I’ll never forget the visuals that dug deep into my brain and remained there still to this day. Specifically crime-ridden New York City, the sewers, Domino’s Pizza, Casey Jones, underground secret hang outs, Raphael in a trench coat, Raphael’s attitude, that little TV being stolen from the lady’s fire escape and teens smoking cigarettes/skateboarding/gambling and drinking ALL the Pepsi they could handle. This visual feast was something I cherished over and over again. Even small things in the movie like the Foot Clan “wallet snatching” during the opening. My friends and I used to pretend doing this all the time. My folks were probably questioning how impressionable I was.
One staple of the film which I really didn’t sit back and appreciate until years later is the music. You want to talk about depth and drama in this “kids” movie? Have a listen to the amazing score by John DuPrez and prepare for chills.
Now here comes some good news. For the first time ever, the official and complete score to Teenage Mutant Ninja Turtles was released by Waxwork Records this year. Sourced from the original masters, the complete film music by DuPrez has been re-stored and re-mastered. This special release marks the very first time the score has been released on Vinyl or CD.
Teenage Mutant Ninja Turtles Original 1990 Score Features:
- The Complete 1990 Score by John DuPrez
- Available For The First Time In Any Format
- New Art by TMNT Co-Creator Kevin Eastman
- 180 Gram 2xLP Colored Vinyl
- Poster Illustrated by Kevin Eastman
- 1990 TMNT Movie Poster Postcard
Keeping on course with the TNUC 10 Year Anniversary celebration, now seems like a good time to ease the seat back and listen to some of Uncle’s most prized choices of audio euphoria. Songs that helped build the foundation of this place back in 2009 and inspire a decade of debauchery.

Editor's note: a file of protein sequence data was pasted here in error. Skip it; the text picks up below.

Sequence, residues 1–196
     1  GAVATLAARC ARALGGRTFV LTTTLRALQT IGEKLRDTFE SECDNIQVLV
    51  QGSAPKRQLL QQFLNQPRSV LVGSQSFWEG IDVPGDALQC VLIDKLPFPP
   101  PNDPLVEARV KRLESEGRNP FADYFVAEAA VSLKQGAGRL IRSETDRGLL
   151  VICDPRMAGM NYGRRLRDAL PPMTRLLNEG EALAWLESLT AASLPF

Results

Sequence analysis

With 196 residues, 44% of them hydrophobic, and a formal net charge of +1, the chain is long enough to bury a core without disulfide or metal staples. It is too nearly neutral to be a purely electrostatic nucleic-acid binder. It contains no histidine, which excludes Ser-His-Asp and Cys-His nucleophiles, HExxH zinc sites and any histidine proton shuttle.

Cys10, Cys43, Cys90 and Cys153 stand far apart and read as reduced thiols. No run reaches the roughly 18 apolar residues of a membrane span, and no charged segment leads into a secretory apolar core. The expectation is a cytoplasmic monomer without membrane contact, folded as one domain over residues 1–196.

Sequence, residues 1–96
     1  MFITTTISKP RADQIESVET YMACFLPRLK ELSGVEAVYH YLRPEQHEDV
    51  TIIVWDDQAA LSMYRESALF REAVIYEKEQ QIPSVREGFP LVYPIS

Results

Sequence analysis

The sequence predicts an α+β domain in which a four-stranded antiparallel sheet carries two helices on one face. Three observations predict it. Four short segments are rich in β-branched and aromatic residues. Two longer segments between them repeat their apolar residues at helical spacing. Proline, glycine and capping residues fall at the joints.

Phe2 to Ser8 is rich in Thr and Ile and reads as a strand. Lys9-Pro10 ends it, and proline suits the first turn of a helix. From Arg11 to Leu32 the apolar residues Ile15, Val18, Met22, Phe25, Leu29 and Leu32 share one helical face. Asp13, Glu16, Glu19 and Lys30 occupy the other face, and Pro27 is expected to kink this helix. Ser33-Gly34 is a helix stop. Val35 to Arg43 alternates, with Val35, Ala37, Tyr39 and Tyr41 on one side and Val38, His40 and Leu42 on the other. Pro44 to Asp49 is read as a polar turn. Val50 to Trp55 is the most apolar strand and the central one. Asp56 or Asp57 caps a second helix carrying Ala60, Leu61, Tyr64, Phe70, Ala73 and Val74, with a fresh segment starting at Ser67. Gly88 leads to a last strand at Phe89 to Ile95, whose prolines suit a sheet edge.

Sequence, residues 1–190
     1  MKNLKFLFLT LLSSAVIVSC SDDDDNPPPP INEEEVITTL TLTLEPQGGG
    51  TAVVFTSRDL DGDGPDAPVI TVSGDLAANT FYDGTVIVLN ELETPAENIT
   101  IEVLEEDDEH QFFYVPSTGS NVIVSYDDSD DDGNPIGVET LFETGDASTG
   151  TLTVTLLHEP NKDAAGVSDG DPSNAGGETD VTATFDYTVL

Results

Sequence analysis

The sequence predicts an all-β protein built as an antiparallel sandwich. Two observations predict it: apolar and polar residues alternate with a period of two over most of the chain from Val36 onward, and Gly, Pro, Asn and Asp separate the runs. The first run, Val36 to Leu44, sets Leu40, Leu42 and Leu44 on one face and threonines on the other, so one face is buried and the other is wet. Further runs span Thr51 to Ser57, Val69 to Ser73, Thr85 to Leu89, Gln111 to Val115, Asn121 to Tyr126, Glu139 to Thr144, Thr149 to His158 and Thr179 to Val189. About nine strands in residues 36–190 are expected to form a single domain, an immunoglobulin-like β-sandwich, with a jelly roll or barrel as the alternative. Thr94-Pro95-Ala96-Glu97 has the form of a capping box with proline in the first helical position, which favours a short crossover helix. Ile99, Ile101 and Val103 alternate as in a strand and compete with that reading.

In this first installment of TNUC THEMES, we’re going back to the very beginning. Some of these you might have heard 100 times, but since they’re of ultra-importance in the lineage of TNUC, I’m not leaving them behind. Sink in and listen. (Download links included!)
How could we NOT begin with the quintessential Tangerine Dream track from one of the classic scenes in Risky Business. It’s the gateway song for so many synth fiends, soundtrack lovers and Tangerine Dream freakazoids. It’s still the dreamiest track to ever exist and I put it high on the shelf above everything. You’re also a liar if you proclaim to have not fantasized about a train ride with lady of the night, Lana. The version you’re hearing now is an extended, slicker rendition the band released in 2008.
1) Tangerine Dream – Love On A Real Train (2008)
The great thing about an instrumental version of this track is that it allows YOU to be Frank Dux (Jean-Claude Van Damme) running around Hong Kong from the cops just like in Bloodsport. Download the track, then drive out to your nearest “Chinatown” or “Little Tokyo” and have a friend play it on a boom box while you run around the city and cause a scene. You won’t regret it.
2) Paul Hertzog – Steal the Night (Instrumental)
Lovelock (disco side project of Steve Moore from Zombi) cooked up this scrumptious edit of Pino Donaggio’s ‘Telescope’ from the Body Double soundtrack that he ended up calling ‘Pino Grigio’. Steve took a perfect slice of suspense and erotica and turned it into something truly hypnotic. This is one of Uncle T’s most played tracks while he floats around the pool with a spicy drink and the torturous sun turning his skin the color of a perfectly cooked hot dog.
3) Lovelock – Pino Grigio
During the early days of the Valerie Collective, a phantom by the name of Stephen Falken (one half of The Outrunners) would pop up from time to time to deliver a stellar song or mixtape. To this day his whereabouts, an actual photo or any personal information about Professor Falken remains a complete mystery. This mystique has always been part of his allure, the other big part being the music. When it comes to Falken tracks, the magic is in the simplicity. Similar to the Tangerine Dream formula, ‘Shadow of the Wind’ has that dramatic build and celestial spirit (without going overboard) that keeps you coming back for repeated listens.
4) Stephen Falken – Shadow of the Wind
If readers of this site have enjoyed the more lustful, steamy side of TNUC, it’s all thanks to Uncle T hearing this track years ago. Nothing is steamier and more tender to the senses than the saxophone eruption at 0:32 seconds into this song. It’s like being whisked away to a private isle with Vanity circa 1985 and a cold box of Zima.
5) Black Box – Ghost Box
Have I beaten this one to death yet? Nope, not even close. If someone had a gun to my head and demanded I had to pick out one flaw about this song, it’s the sad fact that it wasn’t used in an action movie. This track aches and beckons for use in a car chase scene or even better, playing inside a foggy nightclub with Italian model-looking babes dancing with Dolph Lundgren-looking men in trenchcoats. Time for a new TNUC video, perhaps…